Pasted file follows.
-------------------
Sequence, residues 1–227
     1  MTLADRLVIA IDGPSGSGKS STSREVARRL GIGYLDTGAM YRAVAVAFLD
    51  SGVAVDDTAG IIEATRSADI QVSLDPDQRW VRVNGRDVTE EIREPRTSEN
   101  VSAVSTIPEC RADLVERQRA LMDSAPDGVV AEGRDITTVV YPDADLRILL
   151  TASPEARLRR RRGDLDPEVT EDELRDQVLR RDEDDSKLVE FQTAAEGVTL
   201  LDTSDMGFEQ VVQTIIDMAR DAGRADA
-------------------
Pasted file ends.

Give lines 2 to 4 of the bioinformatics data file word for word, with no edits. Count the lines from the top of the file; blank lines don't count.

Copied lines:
     1  MTLADRLVIA IDGPSGSGKS STSREVARRL GIGYLDTGAM YRAVAVAFLD
    51  SGVAVDDTAG IIEATRSADI QVSLDPDQRW VRVNGRDVTE EIREPRTSEN
   101  VSAVSTIPEC RADLVERQRA LMDSAPDGVV AEGRDITTVV YPDADLRILL